We all know that having the right tools for the job is essential. And for working with sheet metal, this means making a very important choice – nibblers or shears? Both tools are fantastic, and neither is better than the other. However, they are each suited to different tasks and knowing when to use, which is crucial to ensuring precise cuts, an undamaged workpiece, and your safety.
Every job is different. Working with heavy-duty sheet metal will have other demands than working with light gauge metal. Working with corrugated sheets will have its own unique requirements too. And whether you need straight lines or intricate curves will also affect which tool is suitable for the job.
A nibbler is named for its cutting method. They use a punch and die assembly, which destroys the material in front of it – essentially nibbling away at the material. Sheet metal nibblers work at high speeds, cutting through sheet metal and leaving behind semicircular chips.
Nibblers can cut straight lines, and the metal around the cut will be undistorted. However, nibblers are not recommended for cutting fine lines. Where nibblers excel is their ability to tight curves and intricate shapes. This makes them a great and versatile choice, especially in the hands of an experienced operator with a steady hand and precise control.
Another notable benefit of nibblers is their ability to handle the peaks and troughs of corrugated metal without jamming or becoming stuck.
Shears deliver repeatable sheet metal cutting and come in two main types; single cut shears and slitting shears (also called double cut shears).
Single Cut Shears
Single cut shears cut straight through sheet metal without producing material waste. They are comprised of a single sharpened blade and a fixed blade or anvil. The movable blade cuts against the anvil or fixed blade with the sheet metal positioned between them.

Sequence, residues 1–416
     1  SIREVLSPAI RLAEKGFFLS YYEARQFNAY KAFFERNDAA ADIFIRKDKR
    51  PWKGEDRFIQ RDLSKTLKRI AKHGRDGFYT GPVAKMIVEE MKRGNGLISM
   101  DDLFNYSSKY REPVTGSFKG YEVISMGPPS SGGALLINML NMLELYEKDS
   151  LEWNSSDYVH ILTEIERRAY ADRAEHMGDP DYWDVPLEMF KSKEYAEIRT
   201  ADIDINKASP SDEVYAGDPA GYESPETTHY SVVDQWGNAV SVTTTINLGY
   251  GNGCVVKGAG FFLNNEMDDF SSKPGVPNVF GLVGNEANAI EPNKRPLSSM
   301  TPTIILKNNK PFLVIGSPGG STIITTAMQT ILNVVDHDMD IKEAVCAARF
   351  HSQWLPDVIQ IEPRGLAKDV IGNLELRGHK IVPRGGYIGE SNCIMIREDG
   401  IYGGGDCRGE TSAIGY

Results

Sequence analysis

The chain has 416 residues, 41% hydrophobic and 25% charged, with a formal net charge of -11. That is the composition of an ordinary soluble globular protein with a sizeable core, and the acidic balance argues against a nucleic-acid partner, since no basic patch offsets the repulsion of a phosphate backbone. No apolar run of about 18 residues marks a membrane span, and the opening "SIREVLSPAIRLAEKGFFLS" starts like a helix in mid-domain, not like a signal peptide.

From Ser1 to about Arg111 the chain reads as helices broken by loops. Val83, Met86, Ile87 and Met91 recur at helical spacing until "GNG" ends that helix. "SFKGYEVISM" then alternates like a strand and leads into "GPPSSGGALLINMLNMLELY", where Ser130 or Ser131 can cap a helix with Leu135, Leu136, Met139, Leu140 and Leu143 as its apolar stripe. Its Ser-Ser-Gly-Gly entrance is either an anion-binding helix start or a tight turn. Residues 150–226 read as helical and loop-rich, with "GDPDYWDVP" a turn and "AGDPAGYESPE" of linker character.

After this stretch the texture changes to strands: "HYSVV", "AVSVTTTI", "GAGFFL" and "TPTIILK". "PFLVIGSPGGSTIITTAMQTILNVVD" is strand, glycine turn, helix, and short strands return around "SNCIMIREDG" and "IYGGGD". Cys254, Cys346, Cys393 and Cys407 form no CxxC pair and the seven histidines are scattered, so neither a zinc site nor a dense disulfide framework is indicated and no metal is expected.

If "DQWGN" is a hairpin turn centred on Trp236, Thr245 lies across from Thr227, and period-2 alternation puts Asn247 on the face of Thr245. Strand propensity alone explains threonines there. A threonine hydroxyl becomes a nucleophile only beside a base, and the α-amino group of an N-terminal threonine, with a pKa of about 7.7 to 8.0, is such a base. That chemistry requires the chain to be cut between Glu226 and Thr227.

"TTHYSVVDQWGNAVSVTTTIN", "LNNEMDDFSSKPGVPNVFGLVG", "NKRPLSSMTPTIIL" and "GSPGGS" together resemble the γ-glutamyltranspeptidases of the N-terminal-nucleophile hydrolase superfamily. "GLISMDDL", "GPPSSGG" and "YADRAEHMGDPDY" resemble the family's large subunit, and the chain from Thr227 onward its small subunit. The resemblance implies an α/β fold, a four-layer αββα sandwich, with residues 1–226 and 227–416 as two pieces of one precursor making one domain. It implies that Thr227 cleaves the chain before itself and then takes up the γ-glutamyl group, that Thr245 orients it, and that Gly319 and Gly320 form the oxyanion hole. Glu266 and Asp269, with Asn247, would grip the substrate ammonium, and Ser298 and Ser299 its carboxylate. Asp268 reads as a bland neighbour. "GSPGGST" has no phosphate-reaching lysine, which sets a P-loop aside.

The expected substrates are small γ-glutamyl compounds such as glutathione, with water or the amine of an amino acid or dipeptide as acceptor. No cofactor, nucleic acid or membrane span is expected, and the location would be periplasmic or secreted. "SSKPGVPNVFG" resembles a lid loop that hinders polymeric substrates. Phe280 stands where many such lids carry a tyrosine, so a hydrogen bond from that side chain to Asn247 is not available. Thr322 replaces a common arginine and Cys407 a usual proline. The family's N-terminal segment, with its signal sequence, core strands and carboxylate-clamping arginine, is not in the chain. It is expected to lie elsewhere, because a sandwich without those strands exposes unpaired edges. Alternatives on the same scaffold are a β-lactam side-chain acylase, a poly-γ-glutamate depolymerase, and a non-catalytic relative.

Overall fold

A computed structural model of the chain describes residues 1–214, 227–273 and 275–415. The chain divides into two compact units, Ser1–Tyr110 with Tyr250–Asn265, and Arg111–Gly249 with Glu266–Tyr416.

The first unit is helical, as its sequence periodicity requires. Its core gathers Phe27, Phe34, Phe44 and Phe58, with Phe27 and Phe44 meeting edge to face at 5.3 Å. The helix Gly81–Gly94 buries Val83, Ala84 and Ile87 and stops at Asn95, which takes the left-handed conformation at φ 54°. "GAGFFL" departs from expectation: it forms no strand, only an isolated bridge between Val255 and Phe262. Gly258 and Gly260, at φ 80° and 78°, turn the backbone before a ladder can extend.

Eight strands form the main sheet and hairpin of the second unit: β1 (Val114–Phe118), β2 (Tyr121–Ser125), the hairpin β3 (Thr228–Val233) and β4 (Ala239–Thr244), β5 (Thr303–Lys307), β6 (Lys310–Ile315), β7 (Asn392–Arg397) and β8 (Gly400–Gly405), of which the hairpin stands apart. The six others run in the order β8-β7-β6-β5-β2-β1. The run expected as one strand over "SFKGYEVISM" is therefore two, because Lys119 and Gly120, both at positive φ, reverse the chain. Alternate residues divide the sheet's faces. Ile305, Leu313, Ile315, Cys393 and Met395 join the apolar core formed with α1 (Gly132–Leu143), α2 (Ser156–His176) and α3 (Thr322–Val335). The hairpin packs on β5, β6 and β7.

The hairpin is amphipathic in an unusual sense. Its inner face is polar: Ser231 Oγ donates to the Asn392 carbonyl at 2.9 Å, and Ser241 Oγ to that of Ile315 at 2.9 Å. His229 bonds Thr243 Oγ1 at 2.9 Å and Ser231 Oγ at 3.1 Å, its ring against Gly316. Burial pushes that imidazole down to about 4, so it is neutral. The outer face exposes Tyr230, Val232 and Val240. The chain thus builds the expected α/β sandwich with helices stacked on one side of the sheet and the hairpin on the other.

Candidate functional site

Unlike nibblers, shears are not designed for cutting curves. They are created for straight cuts. And they do so excellently, producing clean lines. They do, however, cause distortion causing bending and warping at the edges of the metal. Therefore they are not recommended for tasks requiring the metal to remain perfectly flat. But due to their high cutting capacity, they are suited to heavy-duty tasks.
Slitting shears differ from single cut shears in several ways. They are, in some ways, a middle ground between nibblers and single cut shears. They are not strictly limited to cutting straight lines like single cut shears, but they cannot offer the same tight curves as nibblers. Also, unlike single cut shears, slitting shears do remove material. They use two separate cutters and remove a thin strip of material. But, in exchange, the distortion to the edges of the sheet metal are lesser than with single cut shears.
Slitting shears work best with light gauge sheet metal. They provide a clean cut with minimal waste product and distortion. They are ideal for tasks that fall outside (or between) intricate cutting suited for nibblers and heavy-duty tasks that require single cut shears.
No matter the task at hand, this suite of tools covers almost all of your requirements when it comes to cutting sheet metal. Combine them with a circular and plunge saw, and you can take virtually any sheet metal cutting job.